Parchin Kari - Marble Inlay
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Three types of inlay are used to ornament the buildings of the Taj complex. Stone intarsia, whereby colored marbles are inlaid into easily workable sandstone, is the most basic type of inlay.
This is superceded by the positioning of colored stones into white marble on a large scale. This second type is used to create the impressive large scale calligraphic designs, the intricate geometric motifs that highlight the architecture, and the swirling floral arabesques that define and fill the spandrels of the main arches, such as the example shown here.
However, the highlight to the inlaid scheme is provided by what is described by the Mughal historians as 'parchin kari'. This was, at the time, the most expensive and up to date form of architectural decoration available to the Mughal architects.
The term parchin Kari can be used to refer to the skilled inlaying of gemstones into white marble on a small and detailed scale. At the Taj, the technique is used most spectacularly to depict well observed blooms and flowering plants.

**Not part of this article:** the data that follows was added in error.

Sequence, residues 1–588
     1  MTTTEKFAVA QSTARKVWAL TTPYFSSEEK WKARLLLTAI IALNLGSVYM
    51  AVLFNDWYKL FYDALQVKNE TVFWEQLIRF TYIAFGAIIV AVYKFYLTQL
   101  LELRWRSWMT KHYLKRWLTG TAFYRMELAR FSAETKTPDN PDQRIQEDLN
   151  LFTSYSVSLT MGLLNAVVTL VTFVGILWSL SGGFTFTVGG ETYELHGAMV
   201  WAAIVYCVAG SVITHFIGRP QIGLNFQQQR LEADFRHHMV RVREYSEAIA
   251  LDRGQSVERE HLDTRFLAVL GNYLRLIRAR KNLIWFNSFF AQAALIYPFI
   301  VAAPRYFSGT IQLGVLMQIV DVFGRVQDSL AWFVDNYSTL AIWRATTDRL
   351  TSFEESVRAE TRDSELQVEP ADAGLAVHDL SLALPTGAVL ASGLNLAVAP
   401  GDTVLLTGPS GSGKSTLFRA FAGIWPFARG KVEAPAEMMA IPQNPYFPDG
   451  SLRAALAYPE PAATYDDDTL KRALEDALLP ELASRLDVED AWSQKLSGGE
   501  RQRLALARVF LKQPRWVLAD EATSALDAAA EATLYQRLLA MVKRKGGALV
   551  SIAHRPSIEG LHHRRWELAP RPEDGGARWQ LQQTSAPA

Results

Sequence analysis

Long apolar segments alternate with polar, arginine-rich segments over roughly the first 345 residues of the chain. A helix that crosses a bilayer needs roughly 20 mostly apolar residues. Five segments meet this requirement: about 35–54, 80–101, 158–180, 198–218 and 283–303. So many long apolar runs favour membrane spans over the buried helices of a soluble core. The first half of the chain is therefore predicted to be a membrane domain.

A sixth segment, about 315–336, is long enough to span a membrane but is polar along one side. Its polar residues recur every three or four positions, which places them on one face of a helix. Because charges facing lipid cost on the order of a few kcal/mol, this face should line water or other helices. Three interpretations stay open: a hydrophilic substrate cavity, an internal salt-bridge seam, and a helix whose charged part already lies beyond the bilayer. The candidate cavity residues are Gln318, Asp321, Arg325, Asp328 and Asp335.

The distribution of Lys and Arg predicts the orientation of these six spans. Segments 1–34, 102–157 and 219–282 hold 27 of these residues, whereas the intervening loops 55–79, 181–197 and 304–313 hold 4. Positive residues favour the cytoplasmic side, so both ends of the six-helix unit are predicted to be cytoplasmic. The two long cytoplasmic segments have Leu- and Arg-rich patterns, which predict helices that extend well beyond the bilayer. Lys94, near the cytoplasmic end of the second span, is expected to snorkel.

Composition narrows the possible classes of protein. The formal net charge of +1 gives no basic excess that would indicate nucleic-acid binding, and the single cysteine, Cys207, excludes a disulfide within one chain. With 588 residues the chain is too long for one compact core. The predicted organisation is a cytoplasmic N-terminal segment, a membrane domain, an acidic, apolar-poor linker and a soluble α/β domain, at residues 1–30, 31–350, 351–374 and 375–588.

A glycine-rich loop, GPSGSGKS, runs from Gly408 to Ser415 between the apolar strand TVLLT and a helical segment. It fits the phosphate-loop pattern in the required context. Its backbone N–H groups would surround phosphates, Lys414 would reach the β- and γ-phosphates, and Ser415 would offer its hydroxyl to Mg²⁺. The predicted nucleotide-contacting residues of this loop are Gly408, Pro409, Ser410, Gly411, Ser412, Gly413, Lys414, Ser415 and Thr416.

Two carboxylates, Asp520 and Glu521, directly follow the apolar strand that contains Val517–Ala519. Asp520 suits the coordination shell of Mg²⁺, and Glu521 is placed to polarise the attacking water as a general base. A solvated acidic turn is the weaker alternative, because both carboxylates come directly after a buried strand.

Stones were crafted using a moving metal wheel as an abrasive surface. Patterns were drawn out on the white marble surfaces using henna dye, before craftsmen chiseled out sockets in which the stones were then fitted together.
The parchin Kari at the Taj Mahal is one of the finest quality examples of the era. Similar to the Italian technique known as 'pietre dure', a variety of colored stones including lapis lazuli, carnelian, agate and garnet, were used to achieve stunning depictions of the colorful flowers of India.
Even greater detail was achieved by carefully choosing pieces of each gemstone with differing tones. This variety of hues enabled the craftsmen to give the impression of shading and depth in each flower.